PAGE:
Scout Moor – Guide to Medieval and other Related Documents

Do Scout Moor archaeological surveys, as with the adjacent Rooley Moor surveys, omit medieval documentation?

There is so much in the public domain for Rooley Moor, yet two surveys failed to mention the large number of medieval charters.

Will we find medieval documentation omissions in the Scout Moor archaeological survey?

This post will outline the medieval documentation for the area known as Scout Moor. In a later post I will see how much of this data was used in the Scout Moor archaeological survey. Since later surveys adjacent to Scout Moor still omitted basic medieval sources (The Coucher Book of Whalley Abbey for example) there is lottle chance of a thorough survey of this area, since they rely on the same woefully lacking and outdated HER.

There are certainly glaring omissions when it comes to archaeological sites too, which will be detailed in a separate archaeology post.

Related Histories

Good outlines of the major historical events/sources for the area, but out of date when compared to contemporary historical analysis.

Parish of Rochdale – Retrieved from British History Online

History of the Parish of Rochdale – Retrieved from Touchstone’s site.

1610 Manor Survey of Rochdale (Touchstones site).

1626 Manor Survey of Rochdale.

History of the Forest of Rossendale – 1893, Thomas Newbigging

The Economic History of Rossendale – G. H. Tupling, M.A. (Manchester University, Economic History Series, no.4, and Chetham Society).

Spring Hill History Website – with comments and notes on the ‘Economic History of Rossendale’.

Archives with original documents

British Library – Spotland (Historical Rochdale township in which most of Scout Moor was in).

Chethams Library – inclding the Raines Collection (Contains a lot of Rochdale area material).

Rylands Library – contains original documents relating to the area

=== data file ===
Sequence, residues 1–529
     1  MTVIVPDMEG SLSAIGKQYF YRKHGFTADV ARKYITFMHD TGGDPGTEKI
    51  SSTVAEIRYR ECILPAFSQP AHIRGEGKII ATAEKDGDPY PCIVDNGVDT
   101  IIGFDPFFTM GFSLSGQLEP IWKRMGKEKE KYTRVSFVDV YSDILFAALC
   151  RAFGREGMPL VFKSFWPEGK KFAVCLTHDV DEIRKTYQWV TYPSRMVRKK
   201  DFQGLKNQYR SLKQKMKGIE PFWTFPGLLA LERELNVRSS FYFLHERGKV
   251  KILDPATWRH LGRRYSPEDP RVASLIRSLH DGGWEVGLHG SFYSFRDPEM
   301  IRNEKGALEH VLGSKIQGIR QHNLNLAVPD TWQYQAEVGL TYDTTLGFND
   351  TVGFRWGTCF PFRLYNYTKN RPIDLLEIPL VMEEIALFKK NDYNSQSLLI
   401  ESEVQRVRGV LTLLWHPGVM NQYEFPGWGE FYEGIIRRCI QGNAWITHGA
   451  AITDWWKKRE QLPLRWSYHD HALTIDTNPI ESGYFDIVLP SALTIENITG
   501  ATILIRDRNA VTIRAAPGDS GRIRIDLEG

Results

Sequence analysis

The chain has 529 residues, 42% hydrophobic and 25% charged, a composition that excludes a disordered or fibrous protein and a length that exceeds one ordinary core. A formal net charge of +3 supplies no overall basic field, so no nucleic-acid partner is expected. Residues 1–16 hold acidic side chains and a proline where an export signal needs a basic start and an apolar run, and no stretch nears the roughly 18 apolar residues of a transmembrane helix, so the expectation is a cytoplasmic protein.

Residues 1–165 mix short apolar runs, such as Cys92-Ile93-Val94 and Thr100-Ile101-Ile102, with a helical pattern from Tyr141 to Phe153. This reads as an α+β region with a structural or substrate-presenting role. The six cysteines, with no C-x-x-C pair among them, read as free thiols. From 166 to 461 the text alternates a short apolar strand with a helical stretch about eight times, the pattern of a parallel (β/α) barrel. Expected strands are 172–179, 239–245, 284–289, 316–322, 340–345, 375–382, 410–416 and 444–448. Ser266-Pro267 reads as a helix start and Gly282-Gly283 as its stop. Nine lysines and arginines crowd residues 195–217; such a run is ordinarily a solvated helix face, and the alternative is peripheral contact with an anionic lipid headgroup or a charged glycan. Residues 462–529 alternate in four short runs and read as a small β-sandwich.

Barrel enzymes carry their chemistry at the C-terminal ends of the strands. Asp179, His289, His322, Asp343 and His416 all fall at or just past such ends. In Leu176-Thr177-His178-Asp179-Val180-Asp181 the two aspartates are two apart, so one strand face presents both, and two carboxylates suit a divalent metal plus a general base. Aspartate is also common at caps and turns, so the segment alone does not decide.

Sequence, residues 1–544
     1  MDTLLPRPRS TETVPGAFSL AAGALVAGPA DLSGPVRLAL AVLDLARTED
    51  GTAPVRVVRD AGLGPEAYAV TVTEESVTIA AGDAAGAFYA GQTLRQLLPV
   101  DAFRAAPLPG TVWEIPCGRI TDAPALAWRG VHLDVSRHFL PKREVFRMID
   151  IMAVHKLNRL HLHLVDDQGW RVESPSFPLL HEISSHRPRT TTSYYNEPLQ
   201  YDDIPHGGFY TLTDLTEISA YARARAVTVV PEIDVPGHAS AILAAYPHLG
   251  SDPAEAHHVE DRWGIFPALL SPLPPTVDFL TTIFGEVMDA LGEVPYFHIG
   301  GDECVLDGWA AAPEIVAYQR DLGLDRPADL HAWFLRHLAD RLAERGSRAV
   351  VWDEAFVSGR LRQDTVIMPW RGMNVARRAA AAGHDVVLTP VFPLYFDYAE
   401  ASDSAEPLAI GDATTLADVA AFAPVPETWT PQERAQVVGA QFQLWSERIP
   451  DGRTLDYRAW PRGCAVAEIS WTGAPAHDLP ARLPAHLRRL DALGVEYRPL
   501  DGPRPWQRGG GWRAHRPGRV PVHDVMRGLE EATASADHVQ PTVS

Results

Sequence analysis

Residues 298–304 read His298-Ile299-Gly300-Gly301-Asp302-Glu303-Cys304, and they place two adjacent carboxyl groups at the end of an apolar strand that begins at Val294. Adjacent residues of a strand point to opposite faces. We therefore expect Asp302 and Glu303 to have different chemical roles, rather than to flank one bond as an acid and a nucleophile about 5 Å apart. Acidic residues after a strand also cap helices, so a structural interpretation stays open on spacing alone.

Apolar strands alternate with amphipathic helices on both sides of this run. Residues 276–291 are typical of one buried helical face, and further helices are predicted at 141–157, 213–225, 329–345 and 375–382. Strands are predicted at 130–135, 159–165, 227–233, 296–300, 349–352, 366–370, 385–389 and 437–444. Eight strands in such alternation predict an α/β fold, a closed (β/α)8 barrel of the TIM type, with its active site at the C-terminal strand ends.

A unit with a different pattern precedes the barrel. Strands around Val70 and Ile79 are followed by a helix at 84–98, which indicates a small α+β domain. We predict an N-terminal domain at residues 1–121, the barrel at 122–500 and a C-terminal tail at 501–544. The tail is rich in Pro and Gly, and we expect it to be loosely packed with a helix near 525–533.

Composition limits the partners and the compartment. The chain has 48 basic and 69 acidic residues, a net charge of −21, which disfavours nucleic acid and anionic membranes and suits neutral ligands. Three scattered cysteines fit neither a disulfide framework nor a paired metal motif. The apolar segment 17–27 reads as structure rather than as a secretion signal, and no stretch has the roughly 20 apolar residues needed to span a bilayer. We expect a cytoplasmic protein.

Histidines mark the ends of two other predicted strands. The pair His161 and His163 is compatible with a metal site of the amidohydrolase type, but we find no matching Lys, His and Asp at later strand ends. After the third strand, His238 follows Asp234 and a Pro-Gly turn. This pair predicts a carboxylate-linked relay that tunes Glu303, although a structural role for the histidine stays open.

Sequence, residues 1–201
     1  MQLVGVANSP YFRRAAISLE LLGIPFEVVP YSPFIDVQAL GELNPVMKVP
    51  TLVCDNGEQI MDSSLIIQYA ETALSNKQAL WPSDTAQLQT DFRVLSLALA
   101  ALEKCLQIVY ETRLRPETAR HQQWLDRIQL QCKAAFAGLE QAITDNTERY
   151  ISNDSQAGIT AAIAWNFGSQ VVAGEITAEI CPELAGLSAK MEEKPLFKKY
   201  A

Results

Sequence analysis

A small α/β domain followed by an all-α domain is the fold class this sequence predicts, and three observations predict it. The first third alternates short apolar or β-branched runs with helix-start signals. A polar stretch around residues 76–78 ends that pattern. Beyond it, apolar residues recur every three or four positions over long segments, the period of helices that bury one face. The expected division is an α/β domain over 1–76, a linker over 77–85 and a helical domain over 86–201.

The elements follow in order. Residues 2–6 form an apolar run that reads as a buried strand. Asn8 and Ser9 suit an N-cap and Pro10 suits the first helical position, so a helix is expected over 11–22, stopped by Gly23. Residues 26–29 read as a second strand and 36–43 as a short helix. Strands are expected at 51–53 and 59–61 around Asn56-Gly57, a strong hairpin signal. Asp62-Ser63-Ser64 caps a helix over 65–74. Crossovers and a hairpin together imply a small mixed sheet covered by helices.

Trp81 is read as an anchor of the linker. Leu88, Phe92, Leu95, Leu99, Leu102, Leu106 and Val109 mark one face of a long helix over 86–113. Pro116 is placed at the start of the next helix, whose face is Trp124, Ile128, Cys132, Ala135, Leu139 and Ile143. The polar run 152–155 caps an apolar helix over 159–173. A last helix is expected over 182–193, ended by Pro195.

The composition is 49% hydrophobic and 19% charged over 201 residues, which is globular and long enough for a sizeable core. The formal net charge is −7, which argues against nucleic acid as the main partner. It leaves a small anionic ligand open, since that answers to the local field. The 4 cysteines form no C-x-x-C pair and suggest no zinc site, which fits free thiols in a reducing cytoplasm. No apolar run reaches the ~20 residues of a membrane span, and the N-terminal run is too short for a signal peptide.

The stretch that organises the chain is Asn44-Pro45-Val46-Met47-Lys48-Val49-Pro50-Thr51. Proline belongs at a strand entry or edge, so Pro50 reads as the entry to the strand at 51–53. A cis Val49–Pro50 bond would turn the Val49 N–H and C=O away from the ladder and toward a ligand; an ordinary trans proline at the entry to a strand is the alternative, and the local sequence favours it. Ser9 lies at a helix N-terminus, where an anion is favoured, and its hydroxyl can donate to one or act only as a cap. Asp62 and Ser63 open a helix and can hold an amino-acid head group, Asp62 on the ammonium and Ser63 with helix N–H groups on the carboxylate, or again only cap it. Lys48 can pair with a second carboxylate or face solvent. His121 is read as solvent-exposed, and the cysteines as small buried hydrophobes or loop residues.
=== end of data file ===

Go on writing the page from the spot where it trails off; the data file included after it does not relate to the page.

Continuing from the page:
Whalley Abbey – Coucher Book, includes hundreds of medieval abbey charters relating to Rochdale and Bury.

Maps

First Series 19th Century Ordnance Survey Maps – Good details, such as old farmsteads, minor place-names and land use.

Place-names

EkwallThe place-names of Lancashire – seminal work for Lancashire place-names but a little outdated.

The Place Names of Lancashire – David Mills, 1977

Under construction…

Published in: on January 3, 2016 at 6:07 pm  Comments (1)  
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What have a world famous poet, a teenage computer pioneer, medieval charters and Whitworth got in common?

No Joke! in 1833 the Coucher Book of Whalley Abbey was of great importance to a teenage computer pioneer, the daughter of the famous poet.

She joined others in a case against the Lord of the Manor of Rochdale, over land rights in Brandwood, West Whitworth.

The former Lord of the Manor was Lord Byron, the poet, his daughter Ada (Countess pf Lovelace) was a brilliant mathematician and programmer of Babbage’s Inference Engine. Ada still had an interest in lands in Brandwood after Dearden had aquired the manor of Rochdale from her father, Lord Byron.

The claim was that land in Brandwood had been enclosed and that this was included in the Manor of Rochdale, The case was judged in favour of the defendants, since they used the Coucher Book of Whalley’s records to show that rights had been granted to their ancestors in medieval times, well before the manor was sold to Lord Byron’s ancestors. So it Brandwood was judged to be outside of the manor of Rochdale’s jurisdiction.

Read more about this fascinating case here from  page 80 onwards. Archive material is also held at Touchstones in Rochdale.

See also

Ada Lovelace (Wikipedia entry)

Reports of cases argued and determined in the Court of King’s Bench, Volume 1

By Sandford Nevile, William Montagu Manning (Sir.), Sir William Montagu Manning, Great Britain. Court of King’s Bench, London 1834.

Under construction!